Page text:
If you are fortunate enough to own a vehicle, there is a high chance that you can’t afford the auto insurance. Detroit has the highest auto insurance premiums in the nation, with many drivers paying between $3,600 and $6,000 per year. In a city where the average household income is about $25,000 and over one-third of the residents are unemployed, insurance redlining creates a serious barrier preventing many residents from accessing the resources necessary to create better lives. I experienced this firsthand.
After leaving home during my senior year in high school I found an apartment on Detroit’s east side and I began attending college at Wayne State University. After walking for years in extremely cold temperatures, in 2006 I decided to finance a small 2003 Dodge Neon. While I was able to finance the vehicle with a very affordable payment, the auto insurance was an immediate problem. Specifically, my car note was $150 per month but my car insurance was over $400 per month primarily because of the zip code in which I resided. As a college student, this forced me to work 70 hours a week while attending school full-time to pay my auto insurance in attempt to rectify these challenges.
This is an unfortunate reality that many Detroit residents face regardless of their age and driving record. Recently my grandmother experienced a similar increase in her auto insurance that left her with the daunting decision of whether to purchase groceries or pay her auto insurance. Despite her near perfect credit, spotless driving record, and impeccable payment history, my sixty-eight-year-old grandmother was paying over $300 a month for auto insurance while otherwise relying solely on her social security income. These burdens targeting people of color are overwhelming, leaving many people in despair and wanting to give up fighting completely. It seems nearly impossible to gain access to better schools, employment, and life’s simple perks when your society is working against you.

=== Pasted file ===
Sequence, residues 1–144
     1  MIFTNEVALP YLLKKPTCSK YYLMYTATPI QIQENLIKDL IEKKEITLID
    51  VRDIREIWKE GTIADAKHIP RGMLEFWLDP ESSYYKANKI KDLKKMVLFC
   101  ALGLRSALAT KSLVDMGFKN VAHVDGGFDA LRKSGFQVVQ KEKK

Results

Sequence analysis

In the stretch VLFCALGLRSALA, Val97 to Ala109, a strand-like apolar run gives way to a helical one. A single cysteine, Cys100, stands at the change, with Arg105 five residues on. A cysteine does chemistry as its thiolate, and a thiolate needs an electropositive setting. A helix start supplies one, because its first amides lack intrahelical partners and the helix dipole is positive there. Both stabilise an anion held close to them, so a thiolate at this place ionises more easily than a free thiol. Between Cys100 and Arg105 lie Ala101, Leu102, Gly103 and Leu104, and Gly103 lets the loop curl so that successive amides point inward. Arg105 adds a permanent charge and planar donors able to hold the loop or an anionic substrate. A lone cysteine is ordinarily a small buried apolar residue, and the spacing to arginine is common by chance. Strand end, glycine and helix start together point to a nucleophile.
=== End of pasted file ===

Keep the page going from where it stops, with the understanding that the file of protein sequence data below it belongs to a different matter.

The Criminal Factor
After considering all the unfavorable circumstances gnawing at me, something became very clear; if I did not reach beyond what was given to me, I would die in my neighborhood or end up in prison. The very profitable school to prison pipeline targets black youth, and conveniently only a few policymakers are willing to discuss any real change. The relationship between blacks and the criminal justice system is steeped in conflict, largely because blackness is criminalized in America. Not only did my yearning for a better life for me and my family seem distant, but my aspirations of becoming a doctor was so strongly contested by each one of these barriers. How would I survive this? I would soon find out.
A Teacher’s Silence Gave Me Answers
As I transitioned into Denby High School, I noticed that it was relatively normal for armed guards to stop and frisk students, as well as make them walk through metal detectors. Students were harassed by a Detroit Police Unit called the “Gang Squad”, and regardless of attire, young black men that walked together were always considered a “gang”. Consequently, I felt a sense of hopelessness towards the school staff, the same hopelessness that they consciously or subconsciously projected onto students. It was as if no one expected us to progress.
On the first day of high school I entered my geometry class ready to learn, but the instructor had neither the intent nor the desire to teach. As we sat in our seats, the teacher looked around the room at each of us and proceeded to read his novel every day for the entire semester. I will always remember how deeply the teacher’s lack of interest in educating a room full of black kids resonated. In his eyes we were worthless and already doomed to a life of poverty, and no amount of teaching on his behalf could save us from the tragic outcomes society had in store for us. Perhaps some of us would go to prison, others would get shot, and none of us would graduate on time. After accepting that I couldn’t afford to place my future in the hands of any educator in that school, I borrowed a geometry textbook from class. I taught myself everything I needed to know, and this is how I’d survive.
Not only did I grow up poor and black in America, I believed that I was born into a lifelong war. Stories like mine and countless others make it apparent that our desires to be worthy and productive citizens of this country is in complete opposition with America’s blueprint. I desperately hope that the sparks of current discourse ignite into a flaming and ongoing movement that threatens this status quo indefinitely.
**Charles Bell is a Detroit native and a PhD Candidate at Wayne State University in the Sociology Department. He earned his bachelor’s degree in psychology from Wayne State University in 2008 and his master’s degree in school psychology from Michigan State in 2009. Currently, he is teaching social justice courses at Eastern Michigan University and writing his doctoral dissertation. Charles’ research focuses on the school to prison pipeline, mass incarceration, academic achievement, and other manifestations of inequality.